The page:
OB Walkabout, Italian Style

by on May 7, 2018 · 1 comment

in Ocean Beach

Editordude: The OB Rag’s Joaquin Antique, the author of numerous “OB Walkabouts”, just returned from a trip to Italy.

By Joaquin Antique

The more I travel the more I’m surprised at how familiar things can feel in other places. One of the things I relish about travel is experiencing how different other places can be, but I often find that the commonalities and shared experiences between us are what’s most amazing.

Take the coastal eddy for example. It doesn’t matter if you’re in OB or on the Amalfi Coast, when the fog rolls in it can ruin your day. Or you can just groove on it until it burns off and then it’s glorious.

All photos (except the gelato picture, courtesy of Pinterest) are by Joaquin

Yellow and green bikes cluttering up your neighborhood or polluting your view? This abandoned “Obike”, minus a seat, is in Central Rome, not dumped out on the Cliffs.

Parking can be a struggle just about anywhere these days, but people in Rome have come up with some creative solutions.
Picture 5

Progressive works of art and ganja advocacy in Italy show that the positive vibe is everywhere.

Except for medical cannabis, marijuana is still illegal. On several occasions we saw or smelled weed being discretely enjoyed. By the way, medical marijuana in Italy is grown by the medical corps of the Italian army!

Ugliness walks the mean streets, too.

The rise of nationalism, anti-immigrant sentiment, and racism is not just happening in Trump’s America. Check out the fascist poster and the anti-European Union graffito.

Craft beer culture is happening in Italian cities, big and small.

We passed a salumeria (sort of a combination pub and deli) in Spoleto that had a poster in the window for Stone Arrogant Bastard IPA. They offered local craft brews and cheese, meat, and veggie platters.
Pictures 12 and 13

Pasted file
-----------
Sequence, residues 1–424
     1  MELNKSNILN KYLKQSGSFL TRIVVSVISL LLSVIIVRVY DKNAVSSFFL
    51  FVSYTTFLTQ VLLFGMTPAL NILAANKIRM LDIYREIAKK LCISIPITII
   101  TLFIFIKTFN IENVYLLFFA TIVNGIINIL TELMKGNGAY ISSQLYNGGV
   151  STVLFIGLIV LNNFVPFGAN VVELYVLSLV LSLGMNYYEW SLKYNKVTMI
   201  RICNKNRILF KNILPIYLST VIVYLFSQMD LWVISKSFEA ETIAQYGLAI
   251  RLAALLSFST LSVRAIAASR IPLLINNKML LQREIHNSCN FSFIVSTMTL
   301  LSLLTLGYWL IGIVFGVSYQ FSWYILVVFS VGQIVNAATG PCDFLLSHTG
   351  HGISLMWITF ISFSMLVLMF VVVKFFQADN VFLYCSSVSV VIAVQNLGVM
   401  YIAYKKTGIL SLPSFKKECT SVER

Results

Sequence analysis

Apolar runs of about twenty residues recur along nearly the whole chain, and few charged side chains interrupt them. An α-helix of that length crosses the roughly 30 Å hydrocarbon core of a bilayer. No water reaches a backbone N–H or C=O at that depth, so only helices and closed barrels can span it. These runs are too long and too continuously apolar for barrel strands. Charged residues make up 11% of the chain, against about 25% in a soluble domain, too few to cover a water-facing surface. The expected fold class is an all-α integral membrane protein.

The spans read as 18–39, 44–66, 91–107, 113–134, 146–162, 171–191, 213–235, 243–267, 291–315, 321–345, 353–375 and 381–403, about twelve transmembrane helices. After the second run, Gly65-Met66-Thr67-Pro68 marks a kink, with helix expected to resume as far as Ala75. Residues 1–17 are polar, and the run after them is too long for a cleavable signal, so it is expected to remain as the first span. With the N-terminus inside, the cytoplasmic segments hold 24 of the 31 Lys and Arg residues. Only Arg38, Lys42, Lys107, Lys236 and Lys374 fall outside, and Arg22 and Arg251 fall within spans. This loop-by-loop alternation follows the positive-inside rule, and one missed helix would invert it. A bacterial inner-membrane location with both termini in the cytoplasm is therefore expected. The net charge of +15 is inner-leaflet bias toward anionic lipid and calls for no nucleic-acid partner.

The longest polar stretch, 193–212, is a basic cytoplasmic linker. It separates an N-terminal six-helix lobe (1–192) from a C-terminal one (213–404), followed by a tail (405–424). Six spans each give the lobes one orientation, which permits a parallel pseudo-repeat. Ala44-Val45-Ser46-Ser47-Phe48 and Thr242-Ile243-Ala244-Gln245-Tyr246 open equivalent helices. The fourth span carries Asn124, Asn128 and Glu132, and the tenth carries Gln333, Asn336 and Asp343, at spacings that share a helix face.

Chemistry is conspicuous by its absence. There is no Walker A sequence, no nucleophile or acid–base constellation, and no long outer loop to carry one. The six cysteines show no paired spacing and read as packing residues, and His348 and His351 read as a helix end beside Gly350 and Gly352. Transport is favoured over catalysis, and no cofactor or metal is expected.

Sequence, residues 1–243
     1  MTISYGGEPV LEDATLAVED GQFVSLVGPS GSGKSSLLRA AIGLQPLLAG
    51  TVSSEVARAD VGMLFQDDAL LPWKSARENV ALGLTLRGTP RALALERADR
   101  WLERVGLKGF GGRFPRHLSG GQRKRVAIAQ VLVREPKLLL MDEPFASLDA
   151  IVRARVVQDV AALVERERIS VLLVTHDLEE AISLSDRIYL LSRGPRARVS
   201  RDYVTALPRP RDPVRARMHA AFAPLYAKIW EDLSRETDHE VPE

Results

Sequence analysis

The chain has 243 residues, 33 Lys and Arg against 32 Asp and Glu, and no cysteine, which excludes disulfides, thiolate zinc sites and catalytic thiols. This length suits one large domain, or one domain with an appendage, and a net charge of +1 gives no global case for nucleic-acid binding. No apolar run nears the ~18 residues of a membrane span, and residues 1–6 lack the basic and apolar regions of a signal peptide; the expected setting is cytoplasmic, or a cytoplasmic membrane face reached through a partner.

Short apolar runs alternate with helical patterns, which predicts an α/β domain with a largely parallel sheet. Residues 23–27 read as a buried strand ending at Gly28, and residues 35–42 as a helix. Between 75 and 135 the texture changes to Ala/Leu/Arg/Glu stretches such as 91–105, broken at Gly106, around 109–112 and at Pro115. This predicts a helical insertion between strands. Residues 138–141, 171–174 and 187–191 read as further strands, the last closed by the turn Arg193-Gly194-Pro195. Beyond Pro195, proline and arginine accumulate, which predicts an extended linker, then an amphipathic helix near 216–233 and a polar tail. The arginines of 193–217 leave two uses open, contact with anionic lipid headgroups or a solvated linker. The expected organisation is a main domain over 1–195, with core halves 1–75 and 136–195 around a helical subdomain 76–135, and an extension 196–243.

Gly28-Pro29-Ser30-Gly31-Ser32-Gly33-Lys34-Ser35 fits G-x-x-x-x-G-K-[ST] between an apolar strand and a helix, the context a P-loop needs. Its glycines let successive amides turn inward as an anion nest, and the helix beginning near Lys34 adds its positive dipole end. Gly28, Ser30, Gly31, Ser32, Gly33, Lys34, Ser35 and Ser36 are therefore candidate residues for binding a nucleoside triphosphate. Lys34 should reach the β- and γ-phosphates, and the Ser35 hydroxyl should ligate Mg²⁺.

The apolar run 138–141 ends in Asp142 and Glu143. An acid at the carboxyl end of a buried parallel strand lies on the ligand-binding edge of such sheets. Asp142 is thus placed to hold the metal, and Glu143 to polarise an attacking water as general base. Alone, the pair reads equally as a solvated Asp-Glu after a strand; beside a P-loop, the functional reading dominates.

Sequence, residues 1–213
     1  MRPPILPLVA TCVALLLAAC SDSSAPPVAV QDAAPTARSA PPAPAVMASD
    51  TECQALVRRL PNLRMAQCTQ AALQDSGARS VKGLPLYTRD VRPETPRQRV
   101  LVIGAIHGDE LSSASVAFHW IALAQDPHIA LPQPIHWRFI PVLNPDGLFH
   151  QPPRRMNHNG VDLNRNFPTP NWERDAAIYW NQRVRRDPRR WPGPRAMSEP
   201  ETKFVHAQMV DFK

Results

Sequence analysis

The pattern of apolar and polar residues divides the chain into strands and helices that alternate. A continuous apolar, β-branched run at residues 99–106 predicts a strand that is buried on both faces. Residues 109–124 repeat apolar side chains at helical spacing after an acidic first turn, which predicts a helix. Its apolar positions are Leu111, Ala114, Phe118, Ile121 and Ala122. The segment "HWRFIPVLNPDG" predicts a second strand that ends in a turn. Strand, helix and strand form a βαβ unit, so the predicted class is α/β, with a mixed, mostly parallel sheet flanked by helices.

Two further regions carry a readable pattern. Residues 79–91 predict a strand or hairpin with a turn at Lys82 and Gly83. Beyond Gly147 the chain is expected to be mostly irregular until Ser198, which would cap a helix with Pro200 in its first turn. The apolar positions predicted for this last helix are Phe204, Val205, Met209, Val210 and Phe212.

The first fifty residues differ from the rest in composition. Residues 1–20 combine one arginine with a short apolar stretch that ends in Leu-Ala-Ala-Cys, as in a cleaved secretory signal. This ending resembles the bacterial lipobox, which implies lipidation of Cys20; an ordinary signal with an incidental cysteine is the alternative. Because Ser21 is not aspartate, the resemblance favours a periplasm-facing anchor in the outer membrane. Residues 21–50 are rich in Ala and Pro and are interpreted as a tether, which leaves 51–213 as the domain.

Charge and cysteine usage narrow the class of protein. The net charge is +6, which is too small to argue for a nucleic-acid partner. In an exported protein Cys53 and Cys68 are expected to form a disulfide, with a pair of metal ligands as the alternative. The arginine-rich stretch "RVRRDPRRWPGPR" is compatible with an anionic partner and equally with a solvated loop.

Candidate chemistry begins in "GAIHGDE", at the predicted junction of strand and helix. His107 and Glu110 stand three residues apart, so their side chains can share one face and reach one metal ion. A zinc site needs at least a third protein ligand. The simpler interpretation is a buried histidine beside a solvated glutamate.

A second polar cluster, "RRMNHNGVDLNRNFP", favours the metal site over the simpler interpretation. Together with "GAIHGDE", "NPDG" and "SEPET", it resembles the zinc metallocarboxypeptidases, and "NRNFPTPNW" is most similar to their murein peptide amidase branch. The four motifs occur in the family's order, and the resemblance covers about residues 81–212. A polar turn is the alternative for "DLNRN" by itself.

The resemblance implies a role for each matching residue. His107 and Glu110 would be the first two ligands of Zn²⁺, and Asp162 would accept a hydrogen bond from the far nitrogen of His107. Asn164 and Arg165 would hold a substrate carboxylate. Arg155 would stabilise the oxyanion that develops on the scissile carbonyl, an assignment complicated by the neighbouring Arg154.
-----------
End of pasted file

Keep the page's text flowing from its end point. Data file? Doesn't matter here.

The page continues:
We told one brew pub owner that we live in San Diego and he told us about a customer who planned for a honeymoon here. The customer’s wife-to-be thought it was all about the beaches, Sea World, and Southern California, but the groom had a secret agenda of micro-brewery tours and tastings in mind! We informed him about the “Bud and Brew” tours that include dispensaries as well as micro-breweries. He was entranced.

This is the front door of our short term vacation rental in Salerno. It was a modern apartment in a 17th century building. The owner’s family lived in the other unit. There doesn’t seem to be an anti-airbnb movement in Italy, maybe because they have more available (and affordable) housing. The homeless rate is half that of the USA and housing costs are much more reasonable than here in San Diego.

North OB or north Rome, kitties are going to wander and owners are going to put up signs for lost cats.

The joys of boat ownership (and scraping and sanding and painting!) are the same on Shelter Island as they are on Isola d’Ischia off the coast of Naples. We saw lots of folks getting their boats ready for the influx of summer tourists.

This circa 100 BC sculpture from the Roman National Museum is of a dancing Maenad. The Maenads were the female followers of Dionysus. Their name literally translates as “raving ones”. Under the influence of “the divine madness” (a combination of dancing and intoxication) they would “abandon themselves to bare-footed dancing”. Sounds like a good night at Winston’s when a Dead cover band is playing.

They’ve got a bullet train in Italy and they know how to use it. If we had a similar train here in SoCal you could get from downtown San Diego to downtown LA in 45 minutes. All Italian public transportation is well-utilized because car users pay more than $8 per gallon for gasoline.  Why’s that?  Because the gas taxes in Italy pay for the true cost of driving cars.

Things like road maintenance (our gas taxes don’t cover the cost of maintaining our roads and bridges) as well as some subsidies for public transportation are paid for out of gasoline taxes on the the people who choose to drive. These taxes are also used to fix other negative social impacts of driving such as personal time and productivity lost to traffic, car crashes, policing, and health risks from pollution. As a result lots of people use public transportation or, if they have to drive, they buy really tiny cars.

Foodies always have to argue about who’s got the best pizza where ever. This was my favorite pizza in Italy, from Vicolo della Neve restaurant in Salerno. The pizza dough (crispy and charred on the edges while chewy and thin under the toppings) was perfect. The only toppings on this pizza were tomato sauce, thin slices of garlic, basil, oregano, and salt.

I  took one bite and the simple and distinct flavors took me back to the very first slice of pizza I ever had, back in 1958. If you want cheese on your pizza, they use creamy mozzarella di bufala, made from water buffalo milk.

Is there a better way to finish an Italian meal (and this article) than gelato? I think I’ll walk down to Newbreak on Abbott Street and get some right now!

{ 1 comment… read it below or add one }

Molly May 7, 2018 at 8:04 pm

I love it! An “OBike” in Rome without a seat! Thanks Joaquin for yur keen “I”.


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